CodeChecker is ported to Python3!
No Python2 support is planned. The minimal required Python3 version is 3.6.
Old virtual environments needs to be removed!
💡 Check out our DEMO showing some analysis results of open-source projects!
CodeChecker log -b "make")
CodeChecker command has many subcommands which can be used for example to
log and analyze your projects, print the results or start a web server. For
full list see the following table or check the help message of this command
||Execute the supported code analyzers for the files recorded in a JSON Compilation Database.|
||Print the version of CodeChecker analyzer package that is being used.|
||List supported and available analyzers.|
||Perform analysis on a project and print results to standard output.|
||List the checkers available for code analysis.|
||View analysis results on a running server from the command line.|
||Apply automatic fixes based on the suggestions of the analyzers.|
||Run a build command, collect the executed compilation commands and store them in a JSON file.|
||Print analysis summary and results in a human-readable format.|
||Start and manage the CodeChecker Web server.|
||Save analysis results to a database.|
||Print the version of CodeChecker package that is being used.|
||Print the version of CodeChecker server package that is being used.|
CodeChecker cmd subcommand also has many other subcommands which can be used
to get data (products, runs, results, statistics) from a running CodeChecker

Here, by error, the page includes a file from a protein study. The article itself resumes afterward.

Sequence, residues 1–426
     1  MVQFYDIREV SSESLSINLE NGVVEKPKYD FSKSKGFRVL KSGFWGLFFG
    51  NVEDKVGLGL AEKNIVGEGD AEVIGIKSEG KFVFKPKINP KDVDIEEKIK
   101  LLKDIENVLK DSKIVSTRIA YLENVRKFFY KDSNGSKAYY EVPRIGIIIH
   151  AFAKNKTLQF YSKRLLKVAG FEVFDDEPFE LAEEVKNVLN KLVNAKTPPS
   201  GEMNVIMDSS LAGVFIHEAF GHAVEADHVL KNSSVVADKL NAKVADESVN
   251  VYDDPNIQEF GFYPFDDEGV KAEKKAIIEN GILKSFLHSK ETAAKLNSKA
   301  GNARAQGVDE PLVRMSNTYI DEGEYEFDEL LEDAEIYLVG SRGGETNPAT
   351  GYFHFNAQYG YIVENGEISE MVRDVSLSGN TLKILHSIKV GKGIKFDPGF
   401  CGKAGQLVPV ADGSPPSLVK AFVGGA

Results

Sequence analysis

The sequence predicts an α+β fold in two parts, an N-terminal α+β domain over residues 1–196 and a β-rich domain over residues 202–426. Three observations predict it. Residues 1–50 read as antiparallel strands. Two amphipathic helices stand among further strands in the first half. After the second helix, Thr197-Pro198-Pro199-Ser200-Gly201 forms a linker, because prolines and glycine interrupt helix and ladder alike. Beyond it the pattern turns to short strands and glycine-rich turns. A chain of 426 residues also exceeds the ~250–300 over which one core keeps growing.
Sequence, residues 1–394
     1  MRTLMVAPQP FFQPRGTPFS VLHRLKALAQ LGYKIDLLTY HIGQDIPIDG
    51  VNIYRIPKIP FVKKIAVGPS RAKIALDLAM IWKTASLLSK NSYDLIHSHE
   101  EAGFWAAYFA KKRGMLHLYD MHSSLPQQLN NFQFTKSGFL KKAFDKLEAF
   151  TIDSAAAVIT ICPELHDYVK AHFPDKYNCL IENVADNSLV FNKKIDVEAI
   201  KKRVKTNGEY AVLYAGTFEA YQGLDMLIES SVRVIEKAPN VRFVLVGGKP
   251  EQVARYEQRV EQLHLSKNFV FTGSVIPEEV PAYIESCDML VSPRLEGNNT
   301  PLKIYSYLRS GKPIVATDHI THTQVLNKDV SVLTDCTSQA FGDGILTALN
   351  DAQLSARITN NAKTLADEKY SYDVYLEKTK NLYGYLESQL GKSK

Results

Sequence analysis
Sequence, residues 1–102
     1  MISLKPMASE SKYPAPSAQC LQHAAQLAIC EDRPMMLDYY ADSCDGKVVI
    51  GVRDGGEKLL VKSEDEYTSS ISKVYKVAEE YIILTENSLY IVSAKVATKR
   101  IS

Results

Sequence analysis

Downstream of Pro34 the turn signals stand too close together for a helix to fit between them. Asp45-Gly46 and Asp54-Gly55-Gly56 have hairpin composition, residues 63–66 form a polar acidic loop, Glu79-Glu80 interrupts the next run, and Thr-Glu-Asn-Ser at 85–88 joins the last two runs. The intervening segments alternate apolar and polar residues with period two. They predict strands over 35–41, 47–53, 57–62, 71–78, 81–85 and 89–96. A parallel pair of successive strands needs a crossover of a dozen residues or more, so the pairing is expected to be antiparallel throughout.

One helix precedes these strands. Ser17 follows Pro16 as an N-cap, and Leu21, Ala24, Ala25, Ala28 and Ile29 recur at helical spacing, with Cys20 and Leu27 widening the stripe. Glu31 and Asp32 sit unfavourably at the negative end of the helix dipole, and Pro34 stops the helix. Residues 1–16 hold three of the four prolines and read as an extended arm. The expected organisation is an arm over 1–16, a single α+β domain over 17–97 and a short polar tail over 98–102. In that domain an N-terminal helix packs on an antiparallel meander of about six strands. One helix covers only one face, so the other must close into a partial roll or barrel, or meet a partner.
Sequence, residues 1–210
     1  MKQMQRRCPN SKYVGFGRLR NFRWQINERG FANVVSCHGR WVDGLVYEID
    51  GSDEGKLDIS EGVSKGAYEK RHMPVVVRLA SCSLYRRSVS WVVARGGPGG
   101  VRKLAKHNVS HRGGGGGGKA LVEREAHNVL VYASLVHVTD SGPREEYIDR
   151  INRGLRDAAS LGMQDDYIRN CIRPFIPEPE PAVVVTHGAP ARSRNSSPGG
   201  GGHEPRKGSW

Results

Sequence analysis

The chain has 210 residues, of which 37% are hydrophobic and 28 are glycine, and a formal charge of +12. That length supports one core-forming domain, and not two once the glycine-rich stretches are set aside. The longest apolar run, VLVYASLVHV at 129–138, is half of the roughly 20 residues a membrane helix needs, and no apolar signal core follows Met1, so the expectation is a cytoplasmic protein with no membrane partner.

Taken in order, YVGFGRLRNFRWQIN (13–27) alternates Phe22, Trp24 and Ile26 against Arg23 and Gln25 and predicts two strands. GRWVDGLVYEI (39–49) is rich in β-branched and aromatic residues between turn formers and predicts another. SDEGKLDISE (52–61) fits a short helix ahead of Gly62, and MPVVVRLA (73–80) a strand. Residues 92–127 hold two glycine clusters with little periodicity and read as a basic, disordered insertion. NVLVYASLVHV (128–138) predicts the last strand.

server. For full list see the following table or check the help message of this
CodeChecker cmd --help):
||List the available analysis runs.|
||Show run history of multiple runs.|
||List analysis result (finding) summary for a given run.|
||Compare two analysis runs and show the difference.|
||Show statistics of checkers.|
||Access subcommands related to configuring personal access tokens managed by a CodeChecker server.|
||Delete analysis runs.|
||Update an analysis run.|
||Manage and import suppressions of reports on a CodeChecker server.|
||Access subcommands related to configuring the products managed by a CodeChecker server.|
||Access subcommands related to configuring the source components managed by a CodeChecker server.|
||Authenticate into CodeChecker servers that require privileges.|
||Export comments and review statuses from CodeChecker.|
||Import comments and review statuses into CodeChecker.|
CodeChecker logruns the given build command and records the executed compilation steps. These steps are written to an output file (Compilation Database) in a JSON format.
CodeChecker analyzeuses the previously created JSON Compilation Database to perform an analysis on the project, outputting analysis results in a machine-readable (plist) format.
CodeChecker cmd diff).
For more information how to use CodeChecker see our user guide.
CodeChecker can be used as a generic tool for visualizing analyzer results.
The following tools are supported:
|C/C++||Clang Static Analyzer|
Useful tools that can also be used outside CodeChecker.
CodeChecker is available on the Snap Store and can be installed with the following command:
sudo snap install codechecker --classic
Note: unfortunately snap package supports only lower case command names.
For this reason you need to use
codechecker command instead of
everywhere. For full list of available commands in the codechecker snap package
snap info codechecker.
For a detailed dependency list, and for instructions on how to install newer Clang and Clang-Tidy versions, please see Requirements. The following commands are used to bootstrap CodeChecker on Ubuntu 20.04 LTS: